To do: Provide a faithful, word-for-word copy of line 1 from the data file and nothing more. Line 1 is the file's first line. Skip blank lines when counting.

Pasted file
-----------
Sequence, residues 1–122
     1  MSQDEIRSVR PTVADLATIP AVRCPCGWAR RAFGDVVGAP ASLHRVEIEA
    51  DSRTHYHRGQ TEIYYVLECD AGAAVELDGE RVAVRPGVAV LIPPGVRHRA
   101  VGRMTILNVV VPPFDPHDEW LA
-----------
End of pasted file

Sequence, residues 1–122